• Mystery Allium - Planted some topsets which I which I snuck from a robust allium in the front of Red Fire Farm when we visited in June for strawberries and peas. The lady working the farm store said she thought they were "Crawling Garlic". Maybe it is Elephant Garlic? I've not grown it so not sure what it looks like. The leaves of this plant were huge, dark green, with round cross section. The topsets were pretty large, and took off quickly when I planted them in the fall.


Aromatics
  • Rue - I can't imagine eating this stuff; it smells weird. Here is Millie planting some from the nursery.
  • Artemesia - silver mound; did well. The kids love how fluffy and soft it is early in the season, and like it's smell when crushed.
  • Dwarf Tansy - Got two of these from Oikos, which arrived very small and bedraggled looking. They died almost immediately, even though I planted them the same day they got here. Oikos sent me a replacement, but the new ones promptly died too. In general I was not that impressed with what I got from Oikos; super small and unhealthy looking plants. Too bad because they have a great selection of interesting and unusual items, and seem to have a good reputation. Maybe the plants were in the mail too long, or it could be my lack of skill as a gardener.

Flowers
  • Oriental Poppy - None of my seeds came up as far as I can tell, so I planted two from the nursery. One died; have to replace it next year with another.
  • Baloon Flower - cool looking flowers; started noticing this all over the city once I knew what to look for.
  • Columbine - Not crazy about the way the plant looks, probably will replace it.
  • Calendula - I love this plant. So easy to grow, a profusion of cheery colored blooms cycling through until frost, and some benefits to nearby plants. If I got my act together more I could collect flowers for fabric dye. Self seeds readily too, but the seedlings are not too hard to pull out where they are not wanted. I read that the greens were edible, so one time I collected a pile of mammoth red clover and calendula greens, which together were tough and bitter. Here is the center panel of the orchard design, after it's sunflower was taken out. Still left in there are some of the Christmas Limas that were growing up the sunflower which I tried to relocated to the trellis, calendula, and tiny Nasturtiums which never got anywhere. On the right are the dandelion greens, to the far left is salad burnet. A little red clover visible by the calendula.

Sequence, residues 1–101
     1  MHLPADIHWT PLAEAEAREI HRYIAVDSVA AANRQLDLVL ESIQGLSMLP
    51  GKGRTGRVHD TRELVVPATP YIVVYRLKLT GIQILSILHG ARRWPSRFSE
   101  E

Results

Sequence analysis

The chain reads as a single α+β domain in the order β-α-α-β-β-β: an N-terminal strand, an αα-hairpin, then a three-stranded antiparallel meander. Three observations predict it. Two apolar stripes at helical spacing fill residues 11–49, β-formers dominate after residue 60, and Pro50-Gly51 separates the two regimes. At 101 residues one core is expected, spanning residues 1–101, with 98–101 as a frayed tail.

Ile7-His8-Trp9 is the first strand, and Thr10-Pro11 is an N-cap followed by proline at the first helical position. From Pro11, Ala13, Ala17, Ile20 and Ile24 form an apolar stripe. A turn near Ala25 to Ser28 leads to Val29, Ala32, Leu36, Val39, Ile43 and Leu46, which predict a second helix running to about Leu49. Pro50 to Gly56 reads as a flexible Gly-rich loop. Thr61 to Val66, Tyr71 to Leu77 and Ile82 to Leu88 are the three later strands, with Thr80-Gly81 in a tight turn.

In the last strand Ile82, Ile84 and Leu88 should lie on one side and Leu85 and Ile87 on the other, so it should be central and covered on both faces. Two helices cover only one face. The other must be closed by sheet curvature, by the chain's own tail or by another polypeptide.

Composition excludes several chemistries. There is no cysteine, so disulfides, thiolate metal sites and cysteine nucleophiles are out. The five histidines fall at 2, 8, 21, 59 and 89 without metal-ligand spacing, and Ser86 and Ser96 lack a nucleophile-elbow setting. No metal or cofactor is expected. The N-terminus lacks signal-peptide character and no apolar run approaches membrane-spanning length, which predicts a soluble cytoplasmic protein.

• Nasturtium - Tried to grow it from seed, and it did come right up but then languished and never grew bigger than my hand. Guess I'll go back to transplants from the nursery next year, which I've grown a few times without issues.
  • Irises - put in four from Schreiner's, pretty sure one of the Siberians died. 
  • Bulbs - added tulips and muscari to a few spots in the fall

Sunflowers
I read somewhere about planting a sunflower due south of baby apple trees in their first year, to help shade them during the hottest part of the day. This sounded good, so I planted Hopi Black Dye sunflower. I'd love to harvest seeds from these plants, to make fabric dye and cooking oil. That did not go so well this year, but the plants were neat looking, made tons of pretty flowers, and gave the beans something to climb up.

These started more slowly than the hybrid sunflowers I planted elsewhere in the yard; two are just visible in the lower right of the next pic.


but they just kept going


 and going.


and going!


We planted beans next to each sunflower, some of which did well. I think the shade from the huge leaves of the sunflower impacted the beans. Next time I might trim off lower leaves earlier in the season to let more sun in to the beans.